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Esther Ohito selected for Carnegie African Diaspora Fellowship

Project aimed at helping expand capacity of Kenyan university to prepare educators

Esther Ohito has been named a Fellow with the Carnegie African Diaspora Fellowship Program, an initiative through which she will work with a university in Kenya to build the capacity of faculty and students.

The Carnegie African Diaspora Fellowship Program is a collaboration between the Institute of International Education and the United States International University-Africa and funded by the Carnegie Corporation of New York.

As a fellow, Ohito will undertake a project titled “Exploring Intersections of Language, Arts, and Culture in Education Research and Teaching for Social Change” in the School of Education at Maseno University in Kisumu, Kenya. In her project, expected to take place during spring and summer of this year, Ohito will work to build the capacity of Maseno University faculty and students to be effective researchers and critical educators able to meet the challenges and demands of contemporary society with attention to the nexus of language, the arts, and social justice.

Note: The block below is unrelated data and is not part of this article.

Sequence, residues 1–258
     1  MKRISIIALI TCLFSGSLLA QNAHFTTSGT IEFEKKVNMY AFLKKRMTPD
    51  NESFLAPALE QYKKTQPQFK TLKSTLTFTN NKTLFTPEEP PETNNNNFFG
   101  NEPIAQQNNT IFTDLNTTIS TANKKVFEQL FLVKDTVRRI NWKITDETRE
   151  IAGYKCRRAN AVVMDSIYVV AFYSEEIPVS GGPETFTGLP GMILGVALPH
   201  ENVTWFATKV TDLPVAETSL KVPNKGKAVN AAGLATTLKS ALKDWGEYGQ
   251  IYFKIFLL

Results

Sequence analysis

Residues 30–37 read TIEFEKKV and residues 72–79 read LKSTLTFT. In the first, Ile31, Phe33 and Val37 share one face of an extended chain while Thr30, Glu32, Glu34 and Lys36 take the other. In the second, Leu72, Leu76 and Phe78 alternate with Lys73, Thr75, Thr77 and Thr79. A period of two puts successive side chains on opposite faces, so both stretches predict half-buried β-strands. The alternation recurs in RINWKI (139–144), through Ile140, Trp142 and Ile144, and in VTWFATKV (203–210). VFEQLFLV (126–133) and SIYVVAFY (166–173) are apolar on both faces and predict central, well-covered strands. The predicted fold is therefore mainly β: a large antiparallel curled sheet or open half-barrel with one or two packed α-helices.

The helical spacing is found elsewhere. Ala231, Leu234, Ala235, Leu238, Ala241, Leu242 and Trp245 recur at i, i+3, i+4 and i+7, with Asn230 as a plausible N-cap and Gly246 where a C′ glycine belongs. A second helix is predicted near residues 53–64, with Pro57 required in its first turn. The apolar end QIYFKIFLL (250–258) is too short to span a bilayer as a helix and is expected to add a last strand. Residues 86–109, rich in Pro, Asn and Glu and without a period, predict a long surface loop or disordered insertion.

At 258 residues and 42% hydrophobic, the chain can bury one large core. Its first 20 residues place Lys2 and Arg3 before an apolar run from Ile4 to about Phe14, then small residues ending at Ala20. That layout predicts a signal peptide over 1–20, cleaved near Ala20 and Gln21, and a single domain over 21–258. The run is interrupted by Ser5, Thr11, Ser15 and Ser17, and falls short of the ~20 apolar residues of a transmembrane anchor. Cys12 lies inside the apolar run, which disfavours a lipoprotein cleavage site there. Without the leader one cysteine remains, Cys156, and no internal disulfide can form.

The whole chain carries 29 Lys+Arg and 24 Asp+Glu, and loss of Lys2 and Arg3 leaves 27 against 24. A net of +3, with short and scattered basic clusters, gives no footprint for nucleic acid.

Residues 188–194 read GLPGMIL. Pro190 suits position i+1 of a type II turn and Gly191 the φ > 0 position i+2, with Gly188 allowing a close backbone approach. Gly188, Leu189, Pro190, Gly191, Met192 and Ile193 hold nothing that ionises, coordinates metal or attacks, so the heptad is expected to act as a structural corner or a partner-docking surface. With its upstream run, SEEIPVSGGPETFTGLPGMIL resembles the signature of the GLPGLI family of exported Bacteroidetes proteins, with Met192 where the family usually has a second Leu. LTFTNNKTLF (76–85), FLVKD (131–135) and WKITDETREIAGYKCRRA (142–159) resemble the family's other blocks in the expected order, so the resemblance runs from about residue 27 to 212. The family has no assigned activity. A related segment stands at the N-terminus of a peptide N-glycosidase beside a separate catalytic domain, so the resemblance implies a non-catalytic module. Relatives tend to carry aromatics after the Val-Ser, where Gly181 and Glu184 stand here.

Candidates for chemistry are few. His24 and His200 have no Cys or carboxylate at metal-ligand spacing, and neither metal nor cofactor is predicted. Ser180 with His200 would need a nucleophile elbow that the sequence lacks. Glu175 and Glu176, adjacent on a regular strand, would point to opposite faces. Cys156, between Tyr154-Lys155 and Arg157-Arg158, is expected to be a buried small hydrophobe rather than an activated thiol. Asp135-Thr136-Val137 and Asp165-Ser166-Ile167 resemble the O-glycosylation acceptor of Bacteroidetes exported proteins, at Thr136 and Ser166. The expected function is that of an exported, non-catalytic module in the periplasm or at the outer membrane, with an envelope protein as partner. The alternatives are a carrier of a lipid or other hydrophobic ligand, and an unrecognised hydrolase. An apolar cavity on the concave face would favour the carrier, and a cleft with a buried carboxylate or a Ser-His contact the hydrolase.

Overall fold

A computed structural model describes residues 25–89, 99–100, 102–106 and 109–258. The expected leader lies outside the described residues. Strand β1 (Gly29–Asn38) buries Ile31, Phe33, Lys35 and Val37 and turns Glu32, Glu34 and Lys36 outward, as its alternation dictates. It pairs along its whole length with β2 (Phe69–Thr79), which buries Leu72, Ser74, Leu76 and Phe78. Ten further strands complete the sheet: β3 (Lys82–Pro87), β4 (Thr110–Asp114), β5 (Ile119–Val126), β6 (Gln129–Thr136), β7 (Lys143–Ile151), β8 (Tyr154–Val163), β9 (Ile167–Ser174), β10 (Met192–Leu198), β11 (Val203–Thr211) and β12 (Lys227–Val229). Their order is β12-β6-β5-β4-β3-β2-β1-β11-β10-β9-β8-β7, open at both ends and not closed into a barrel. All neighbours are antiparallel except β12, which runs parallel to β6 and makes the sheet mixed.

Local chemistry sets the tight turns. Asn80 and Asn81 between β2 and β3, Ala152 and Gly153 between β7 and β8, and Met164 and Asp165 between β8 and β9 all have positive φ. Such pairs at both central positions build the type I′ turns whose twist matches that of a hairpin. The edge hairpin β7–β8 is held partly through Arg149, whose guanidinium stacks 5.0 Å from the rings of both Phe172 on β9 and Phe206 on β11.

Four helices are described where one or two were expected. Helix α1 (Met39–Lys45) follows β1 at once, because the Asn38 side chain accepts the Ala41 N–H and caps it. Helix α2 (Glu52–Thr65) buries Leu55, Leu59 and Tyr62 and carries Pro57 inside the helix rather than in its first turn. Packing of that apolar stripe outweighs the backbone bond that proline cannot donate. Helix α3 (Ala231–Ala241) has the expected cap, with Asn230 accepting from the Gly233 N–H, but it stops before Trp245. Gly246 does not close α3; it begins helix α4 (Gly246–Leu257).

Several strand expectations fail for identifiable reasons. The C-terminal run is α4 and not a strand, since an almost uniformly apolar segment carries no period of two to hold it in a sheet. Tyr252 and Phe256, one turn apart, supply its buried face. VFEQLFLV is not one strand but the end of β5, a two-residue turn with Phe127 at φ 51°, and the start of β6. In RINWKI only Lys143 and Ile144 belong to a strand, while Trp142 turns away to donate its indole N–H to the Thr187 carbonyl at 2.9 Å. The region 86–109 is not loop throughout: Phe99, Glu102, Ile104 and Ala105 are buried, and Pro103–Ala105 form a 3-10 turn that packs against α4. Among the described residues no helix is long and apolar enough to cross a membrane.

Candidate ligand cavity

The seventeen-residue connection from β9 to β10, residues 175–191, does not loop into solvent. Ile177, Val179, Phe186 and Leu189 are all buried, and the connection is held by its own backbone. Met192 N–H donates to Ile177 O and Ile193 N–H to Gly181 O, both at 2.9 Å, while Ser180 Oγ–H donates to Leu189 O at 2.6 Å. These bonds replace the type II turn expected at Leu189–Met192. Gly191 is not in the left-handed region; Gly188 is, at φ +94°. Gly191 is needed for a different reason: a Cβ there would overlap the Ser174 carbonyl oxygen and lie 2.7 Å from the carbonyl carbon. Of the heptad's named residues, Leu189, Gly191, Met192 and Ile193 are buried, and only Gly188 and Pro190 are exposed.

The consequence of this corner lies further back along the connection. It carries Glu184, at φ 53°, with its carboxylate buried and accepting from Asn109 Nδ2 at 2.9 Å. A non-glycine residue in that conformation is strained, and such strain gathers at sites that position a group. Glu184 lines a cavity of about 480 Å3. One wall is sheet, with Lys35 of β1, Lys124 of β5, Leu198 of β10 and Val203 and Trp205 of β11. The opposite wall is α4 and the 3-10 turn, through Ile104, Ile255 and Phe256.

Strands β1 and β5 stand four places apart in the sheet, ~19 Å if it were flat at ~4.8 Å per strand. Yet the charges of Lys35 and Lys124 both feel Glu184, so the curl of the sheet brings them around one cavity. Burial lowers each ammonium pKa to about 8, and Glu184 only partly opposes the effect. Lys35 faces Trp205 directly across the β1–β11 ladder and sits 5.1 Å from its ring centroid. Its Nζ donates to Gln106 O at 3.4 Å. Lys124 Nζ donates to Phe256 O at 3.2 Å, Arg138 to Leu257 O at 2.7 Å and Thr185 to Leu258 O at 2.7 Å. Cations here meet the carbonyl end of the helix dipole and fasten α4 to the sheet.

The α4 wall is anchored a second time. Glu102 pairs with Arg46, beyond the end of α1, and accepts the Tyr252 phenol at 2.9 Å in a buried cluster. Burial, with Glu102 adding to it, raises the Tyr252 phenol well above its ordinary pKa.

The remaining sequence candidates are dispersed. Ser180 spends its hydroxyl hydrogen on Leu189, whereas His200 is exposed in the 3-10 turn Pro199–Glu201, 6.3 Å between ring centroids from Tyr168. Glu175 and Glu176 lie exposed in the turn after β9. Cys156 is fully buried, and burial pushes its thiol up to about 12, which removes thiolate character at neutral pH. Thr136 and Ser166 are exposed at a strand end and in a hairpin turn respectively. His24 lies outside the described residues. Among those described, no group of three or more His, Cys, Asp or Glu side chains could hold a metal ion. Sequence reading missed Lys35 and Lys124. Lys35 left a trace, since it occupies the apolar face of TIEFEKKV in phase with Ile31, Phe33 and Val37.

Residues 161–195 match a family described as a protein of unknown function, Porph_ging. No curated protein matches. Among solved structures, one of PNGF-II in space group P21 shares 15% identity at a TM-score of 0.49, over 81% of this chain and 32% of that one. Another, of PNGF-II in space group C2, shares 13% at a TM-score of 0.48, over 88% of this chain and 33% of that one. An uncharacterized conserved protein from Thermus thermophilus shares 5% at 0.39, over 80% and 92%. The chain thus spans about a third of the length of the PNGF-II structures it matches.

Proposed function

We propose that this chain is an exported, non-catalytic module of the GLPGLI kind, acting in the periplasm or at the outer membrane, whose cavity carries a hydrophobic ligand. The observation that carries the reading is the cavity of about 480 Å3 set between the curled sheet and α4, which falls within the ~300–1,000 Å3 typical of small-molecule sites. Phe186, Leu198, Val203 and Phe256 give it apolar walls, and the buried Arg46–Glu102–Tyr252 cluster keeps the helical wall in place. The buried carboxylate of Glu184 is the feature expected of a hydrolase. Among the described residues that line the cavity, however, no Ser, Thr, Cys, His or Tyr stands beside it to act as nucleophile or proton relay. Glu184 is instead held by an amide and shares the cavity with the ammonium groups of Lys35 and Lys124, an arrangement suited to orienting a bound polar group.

Ohito joined the School of Education in 2019, coming to Carolina from Denison University where she was an assistant professor of Black Studies and Education. Prior to Denison, she was on faculty at Mills College. Ohito’s primary line of research addresses the role of race in teacher education programs, with publications that have focused on efforts to promote anti-racist pedagogy in teaching and teacher preparation.

In July 2020, Ohito was named a co-editor of the journal Equity & Excellence in Education.

The Maseno University project is one of 56 that will pair African Diaspora scholars with higher education institutions and collaborators in Africa to work together on curriculum co-development, collaborative research, graduate training and mentoring activities in the coming months.

The Carnegie African Diaspora Fellowship Program, now in its fourth year, is designed to reverse Africa’s brain drain, strengthen capacity at the host institutions, and develop long-term, mutually-beneficial collaborations between universities in Africa and the United States and Canada.

The program is funded by Carnegie Corporation of New York and managed by the Institute of International Education in collaboration with United States International University-Africa in Nairobi, Kenya.

A total of 527 African Diaspora Fellowships have now been awarded for scholars to travel to Africa since the program’s inception in 2013.

Fellowships match host universities with African-born scholars and cover the expenses for project visits of between 14 and 90 days, including transportation, a daily stipend, and the cost of obtaining visas and health insurance.